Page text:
Reading his autobiography many years later, I was astonished to find that Edward since boyhood had—not unlike Isaiah Berlin—often felt himself ungainly and ill-favored and awkward in bearing. He had always seemed to me quite the reverse: a touch dandyish perhaps but—as the saying goes—perfectly secure in his masculinity. On one occasion, after lunch in Georgetown, he took me with him to a renowned local tobacconist and asked to do something I had never witnessed before: 'try on' a pipe. In case you ever wish to do this, here is the form: a solemn assistant produces a plastic envelope and fits it over the amber or ivory mouthpiece. You then clamp your teeth down to feel if the 'fit' and weight are easy to your jaw. If not, then repeat with various stems until your browsing is complete. In those days I could have inhaled ten cigarettes and drunk three Tanqueray martinis in the time spent on such flaneur flippancy, but I admired the commitment to smoking nonetheless. Taking coffee with him once in a shopping mall in Stanford, I saw him suddenly register something over my shoulder. It was a ladies' dress shop. He excused himself and dashed in, to emerge soon after with some fashionable and costly looking bags. 'Mariam,' he said as if by way of explanation, 'has never worn anything that I have not bought for her.' On another occasion in Manhattan, after acting as a magnificent, encyclopedic guide around the gorgeous Andalusia (Al-Andalus) exhibition at the Museum of Modern Art, he was giving lunch to Carol and to me when she noticed that her purse had been lost or stolen. At once, he was at her service, not only suggesting shops in the vicinity where a replacement might be found, but also offering to be her guide and advisor until she had selected a suitable new sac à main. I could no more have proposed myself for such an expedition than suggested myself as a cosmonaut, so what this says about my own heterosexual confidence I leave to others.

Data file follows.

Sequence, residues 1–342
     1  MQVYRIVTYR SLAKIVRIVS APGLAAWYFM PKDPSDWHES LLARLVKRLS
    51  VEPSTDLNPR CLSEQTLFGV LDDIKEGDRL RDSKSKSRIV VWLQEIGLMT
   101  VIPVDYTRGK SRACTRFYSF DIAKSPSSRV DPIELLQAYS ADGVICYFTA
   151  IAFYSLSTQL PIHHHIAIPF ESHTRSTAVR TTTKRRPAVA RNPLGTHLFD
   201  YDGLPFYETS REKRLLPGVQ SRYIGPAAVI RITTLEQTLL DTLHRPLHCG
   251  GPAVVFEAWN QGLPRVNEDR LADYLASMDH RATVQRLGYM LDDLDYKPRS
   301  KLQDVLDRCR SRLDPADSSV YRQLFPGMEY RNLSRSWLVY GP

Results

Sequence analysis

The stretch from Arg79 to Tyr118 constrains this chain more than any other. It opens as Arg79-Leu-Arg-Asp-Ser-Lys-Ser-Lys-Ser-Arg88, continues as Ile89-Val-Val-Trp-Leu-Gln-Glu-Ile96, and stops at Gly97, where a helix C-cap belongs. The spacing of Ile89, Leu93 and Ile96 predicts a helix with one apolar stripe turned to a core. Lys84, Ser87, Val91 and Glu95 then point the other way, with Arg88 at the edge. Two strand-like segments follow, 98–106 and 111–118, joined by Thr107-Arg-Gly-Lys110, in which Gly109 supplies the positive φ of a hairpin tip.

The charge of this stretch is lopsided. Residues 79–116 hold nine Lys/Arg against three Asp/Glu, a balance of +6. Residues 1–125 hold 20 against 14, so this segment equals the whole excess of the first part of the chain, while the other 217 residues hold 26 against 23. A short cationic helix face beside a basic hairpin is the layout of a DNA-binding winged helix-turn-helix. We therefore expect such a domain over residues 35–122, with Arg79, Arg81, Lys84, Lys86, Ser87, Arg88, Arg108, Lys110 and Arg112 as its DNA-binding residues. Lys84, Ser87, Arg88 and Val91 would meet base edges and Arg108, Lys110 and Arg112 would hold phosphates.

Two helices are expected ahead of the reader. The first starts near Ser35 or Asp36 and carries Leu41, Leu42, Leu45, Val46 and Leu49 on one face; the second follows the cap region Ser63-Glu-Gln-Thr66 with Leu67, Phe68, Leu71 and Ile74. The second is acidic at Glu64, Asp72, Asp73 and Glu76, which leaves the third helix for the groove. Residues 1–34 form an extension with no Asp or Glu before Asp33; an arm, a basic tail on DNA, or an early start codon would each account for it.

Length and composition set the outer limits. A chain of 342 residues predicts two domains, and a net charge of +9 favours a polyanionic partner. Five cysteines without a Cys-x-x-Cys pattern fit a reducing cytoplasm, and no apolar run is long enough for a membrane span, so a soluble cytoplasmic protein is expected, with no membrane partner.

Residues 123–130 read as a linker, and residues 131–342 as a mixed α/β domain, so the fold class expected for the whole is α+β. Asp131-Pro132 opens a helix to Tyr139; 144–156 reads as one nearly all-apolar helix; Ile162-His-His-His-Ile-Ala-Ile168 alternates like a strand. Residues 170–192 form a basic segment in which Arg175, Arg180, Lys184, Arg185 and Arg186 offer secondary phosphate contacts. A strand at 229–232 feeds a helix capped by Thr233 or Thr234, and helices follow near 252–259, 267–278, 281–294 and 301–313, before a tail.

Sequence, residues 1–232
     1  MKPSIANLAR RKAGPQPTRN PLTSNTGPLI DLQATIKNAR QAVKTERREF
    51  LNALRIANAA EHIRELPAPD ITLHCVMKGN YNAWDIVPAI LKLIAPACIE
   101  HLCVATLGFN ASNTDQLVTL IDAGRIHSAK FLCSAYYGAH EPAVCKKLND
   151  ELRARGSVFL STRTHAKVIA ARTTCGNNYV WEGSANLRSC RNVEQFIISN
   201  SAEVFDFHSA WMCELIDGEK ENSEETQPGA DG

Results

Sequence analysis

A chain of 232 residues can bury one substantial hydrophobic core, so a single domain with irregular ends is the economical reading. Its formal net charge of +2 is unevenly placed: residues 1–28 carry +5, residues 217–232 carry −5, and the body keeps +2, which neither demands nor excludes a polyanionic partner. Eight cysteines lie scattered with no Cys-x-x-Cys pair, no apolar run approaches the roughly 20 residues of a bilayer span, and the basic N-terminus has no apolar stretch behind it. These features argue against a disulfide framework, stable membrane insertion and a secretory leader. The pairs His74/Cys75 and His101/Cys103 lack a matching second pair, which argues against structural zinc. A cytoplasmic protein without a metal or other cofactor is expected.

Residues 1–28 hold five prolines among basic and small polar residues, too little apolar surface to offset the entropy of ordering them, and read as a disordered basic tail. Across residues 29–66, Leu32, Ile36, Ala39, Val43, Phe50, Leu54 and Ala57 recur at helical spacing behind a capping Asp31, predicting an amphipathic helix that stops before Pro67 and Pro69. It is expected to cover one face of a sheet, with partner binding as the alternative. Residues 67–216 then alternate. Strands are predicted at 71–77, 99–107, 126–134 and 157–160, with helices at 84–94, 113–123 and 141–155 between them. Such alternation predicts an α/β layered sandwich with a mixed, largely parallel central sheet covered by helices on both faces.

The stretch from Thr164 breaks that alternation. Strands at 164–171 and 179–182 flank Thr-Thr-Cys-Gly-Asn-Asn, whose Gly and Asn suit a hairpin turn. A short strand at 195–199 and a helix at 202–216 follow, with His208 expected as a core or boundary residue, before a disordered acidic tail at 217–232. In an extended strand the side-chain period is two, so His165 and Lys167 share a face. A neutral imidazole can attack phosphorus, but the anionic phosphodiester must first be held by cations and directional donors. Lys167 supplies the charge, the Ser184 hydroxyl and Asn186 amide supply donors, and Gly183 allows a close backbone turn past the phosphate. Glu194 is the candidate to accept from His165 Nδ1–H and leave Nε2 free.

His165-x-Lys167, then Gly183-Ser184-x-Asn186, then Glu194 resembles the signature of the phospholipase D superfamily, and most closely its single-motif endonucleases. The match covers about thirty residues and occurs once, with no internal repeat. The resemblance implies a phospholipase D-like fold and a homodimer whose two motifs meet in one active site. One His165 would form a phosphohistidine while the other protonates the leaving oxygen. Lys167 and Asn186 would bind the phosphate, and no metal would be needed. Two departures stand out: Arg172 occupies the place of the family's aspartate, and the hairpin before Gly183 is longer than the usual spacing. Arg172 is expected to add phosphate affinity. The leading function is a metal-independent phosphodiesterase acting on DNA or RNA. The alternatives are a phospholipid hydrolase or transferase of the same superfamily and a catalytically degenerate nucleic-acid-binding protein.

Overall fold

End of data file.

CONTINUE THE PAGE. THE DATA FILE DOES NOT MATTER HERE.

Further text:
Christopher Hitchens (Hitch 22: A Memoir)
In those days, long before, a view over the rooftops of Paris was an unaffordable luxury. The apartment he had shared with a mousy young writer from Laon had a view of the Jardin de Luxembourg – if he stuck his head out of the window as far as it would go and twisted it to the left, a smudge of green foliage appeared in the corner of one eye. That had been his best apartment to date. They had decorated it in the ‘Bohemian’ style of the 1830s : a few volumes of Shakespeare and Victor Hugo, a Phrygian cap, an Algerian hookah, a skull on a broomstick handle (from the brother of a friend, Charles Toubin, who was an intern at one of the big hospitals) and, of course, a window box of geraniums, which was not only pretty but also illegal. (Death by falling window box was always high up the official list of fatalities.) For a proper view of Paris, they visited Henry’s painter friends who lived in a warren of attic rooms near the Barriere d’Enfer and called themselves the Water-Drinkers. When the weather was fine and the smell of their own squalor became unbearable, they clambered onto the roof and sat on the gutters and ridges, sketching chimneyscapes, and sending up more smoke from their pipes than the fireplaces below. Three of the Water-Drinkers had since died of various illnesses known collectively as ‘lack of money’. When the last of the three was buried, in the spring of 1844, Henry and the others had found themselves at the graveside without a sou to give a gravedigger. ‘Never mind’, said he, “you can pay me the next time, ‘ and then, to his collegue : ‘It’s all right – these gentlemen are a regular customers.
Graham Robb (Parisians: An Adventure History of Paris)